CEA has been a tireless advocate for cleaner IAQ in schools for many years and was ready to work with leaders at the local and state level to fund upgrades. In 2022, CEA helped secure $150 million dedicated to HVAC improvements in schools. Half of those funds are coming from ARP and half will be from state bond funding. In April, the state announced the first round of schools—many in low-income areas—to receive funding for new upgrades.
In 2022, educators in Hawaii, led by the Hawaii State Teachers Association (HSTA), successfully lobbied for passage of a bill that appropriates $10 million to the Department of Education to install air conditioning units in public school classrooms that do not have them. The bill will address the needs of roughly 20% of the 5,000 classrooms in the state that are without such systems. “More needs to be done to complete this task,” HSTA President Osa Tui, Jr., told lawmakers. “Our students, teachers, and staff are still suffering.”
Educators are also using the power of collective bargaining. The lack of working HVAC systems for all classrooms was a driving factor in the Columbus Education Association's vote to strike last August. Last September and October, Columbus, Ohio had a combined 14 school days over 80 degrees and roughly one-quarter of schools there don’t have air conditioning.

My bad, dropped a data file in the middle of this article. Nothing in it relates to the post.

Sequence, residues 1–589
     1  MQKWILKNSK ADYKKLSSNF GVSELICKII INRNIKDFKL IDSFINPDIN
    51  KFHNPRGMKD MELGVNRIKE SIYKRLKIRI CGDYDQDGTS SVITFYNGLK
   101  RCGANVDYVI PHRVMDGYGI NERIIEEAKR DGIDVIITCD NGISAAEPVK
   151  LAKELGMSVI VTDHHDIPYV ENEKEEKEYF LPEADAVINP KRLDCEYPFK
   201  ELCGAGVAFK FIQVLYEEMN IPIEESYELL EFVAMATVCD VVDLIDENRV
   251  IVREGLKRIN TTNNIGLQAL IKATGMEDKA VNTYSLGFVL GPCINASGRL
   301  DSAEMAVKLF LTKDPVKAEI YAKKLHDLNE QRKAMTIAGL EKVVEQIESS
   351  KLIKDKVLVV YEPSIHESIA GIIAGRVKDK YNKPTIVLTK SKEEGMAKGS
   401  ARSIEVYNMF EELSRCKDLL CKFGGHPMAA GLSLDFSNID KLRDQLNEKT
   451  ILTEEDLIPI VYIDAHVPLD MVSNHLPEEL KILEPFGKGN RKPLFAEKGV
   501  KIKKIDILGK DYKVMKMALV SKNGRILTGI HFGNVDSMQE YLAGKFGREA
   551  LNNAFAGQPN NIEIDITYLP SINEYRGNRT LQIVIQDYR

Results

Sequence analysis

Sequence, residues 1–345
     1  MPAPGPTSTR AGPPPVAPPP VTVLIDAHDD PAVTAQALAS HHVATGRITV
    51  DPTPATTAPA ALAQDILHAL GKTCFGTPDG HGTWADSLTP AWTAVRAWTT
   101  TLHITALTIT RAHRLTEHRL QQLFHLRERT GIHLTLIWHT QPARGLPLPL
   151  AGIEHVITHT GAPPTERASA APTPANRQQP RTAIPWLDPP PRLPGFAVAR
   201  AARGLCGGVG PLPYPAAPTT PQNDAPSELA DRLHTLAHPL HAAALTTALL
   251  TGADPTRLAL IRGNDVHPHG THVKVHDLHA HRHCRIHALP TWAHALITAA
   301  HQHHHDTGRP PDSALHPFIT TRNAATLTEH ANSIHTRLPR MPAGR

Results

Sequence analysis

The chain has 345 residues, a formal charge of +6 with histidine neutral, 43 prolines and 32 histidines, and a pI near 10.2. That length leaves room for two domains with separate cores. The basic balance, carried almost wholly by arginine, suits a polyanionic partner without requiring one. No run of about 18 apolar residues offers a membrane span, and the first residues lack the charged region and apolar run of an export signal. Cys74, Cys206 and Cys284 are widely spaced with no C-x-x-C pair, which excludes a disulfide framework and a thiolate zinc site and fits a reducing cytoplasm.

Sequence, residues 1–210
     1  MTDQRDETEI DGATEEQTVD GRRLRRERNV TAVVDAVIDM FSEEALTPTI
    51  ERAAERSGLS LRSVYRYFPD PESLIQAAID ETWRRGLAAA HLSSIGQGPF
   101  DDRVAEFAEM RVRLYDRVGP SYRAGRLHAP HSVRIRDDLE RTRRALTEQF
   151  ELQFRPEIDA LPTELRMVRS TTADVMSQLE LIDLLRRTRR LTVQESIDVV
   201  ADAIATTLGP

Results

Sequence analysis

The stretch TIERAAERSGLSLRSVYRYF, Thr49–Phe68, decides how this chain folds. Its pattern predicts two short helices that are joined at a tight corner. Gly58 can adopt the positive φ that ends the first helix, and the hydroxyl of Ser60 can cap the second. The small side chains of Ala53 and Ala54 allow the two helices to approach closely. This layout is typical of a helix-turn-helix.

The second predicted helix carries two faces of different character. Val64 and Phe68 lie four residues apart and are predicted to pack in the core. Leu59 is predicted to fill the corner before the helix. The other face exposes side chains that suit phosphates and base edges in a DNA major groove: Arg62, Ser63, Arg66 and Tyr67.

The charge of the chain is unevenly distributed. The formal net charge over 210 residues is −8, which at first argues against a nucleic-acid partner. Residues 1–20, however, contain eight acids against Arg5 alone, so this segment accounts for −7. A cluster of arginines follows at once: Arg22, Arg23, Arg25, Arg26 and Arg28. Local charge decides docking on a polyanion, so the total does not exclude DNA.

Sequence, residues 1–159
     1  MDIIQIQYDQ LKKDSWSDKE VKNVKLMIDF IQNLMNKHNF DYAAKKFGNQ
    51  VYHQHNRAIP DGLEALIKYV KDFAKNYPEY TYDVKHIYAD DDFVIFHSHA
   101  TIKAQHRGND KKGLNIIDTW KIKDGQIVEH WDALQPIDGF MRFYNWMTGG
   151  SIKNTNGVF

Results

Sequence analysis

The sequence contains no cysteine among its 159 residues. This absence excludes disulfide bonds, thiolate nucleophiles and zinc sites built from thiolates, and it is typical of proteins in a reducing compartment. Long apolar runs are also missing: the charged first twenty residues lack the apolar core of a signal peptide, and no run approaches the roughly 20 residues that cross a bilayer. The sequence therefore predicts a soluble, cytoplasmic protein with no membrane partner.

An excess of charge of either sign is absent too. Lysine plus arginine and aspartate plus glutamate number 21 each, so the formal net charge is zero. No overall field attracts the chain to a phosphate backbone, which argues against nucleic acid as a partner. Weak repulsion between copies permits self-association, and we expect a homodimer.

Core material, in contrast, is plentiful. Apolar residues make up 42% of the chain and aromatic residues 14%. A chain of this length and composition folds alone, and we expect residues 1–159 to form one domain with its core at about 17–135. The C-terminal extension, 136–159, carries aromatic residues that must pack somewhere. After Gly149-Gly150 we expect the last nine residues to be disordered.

After striking for three days, educators agreed to a new contract that, among other highlights, won a guarantee that all student learning areas will be climate-controlled no later than the start of the 2025-26 school year, including the installation of HVAC units in every school building.
‘It’s Not Sustainable’
As soon as educators in Federal Way started sounding the alarm about overheated classrooms, FWEA contacted state lawmakers, who then notified the governor about potential emergency funding to equip all schools with air conditioning. Schools don't break for the summer until June 21. “And then we have summer learning,” McCann says. “Many of our ESPs work for up to 11 months. We've had to send them home before and will probably have to again.”
Ultimately, McCann believes making schools climate-resistant should be the goal, and that requires local, state, and federal collaboration.
“This is a problem that can no longer be left up to individual districts. It's just not sustainable. We'll work with them, and our members will continue to push, but politicians and legislatures need to address this issue now. Too many people don't think about the effects of heat until it gets here. Then it’s too late, because when when a heatwave comes, the impact is so debilitating.”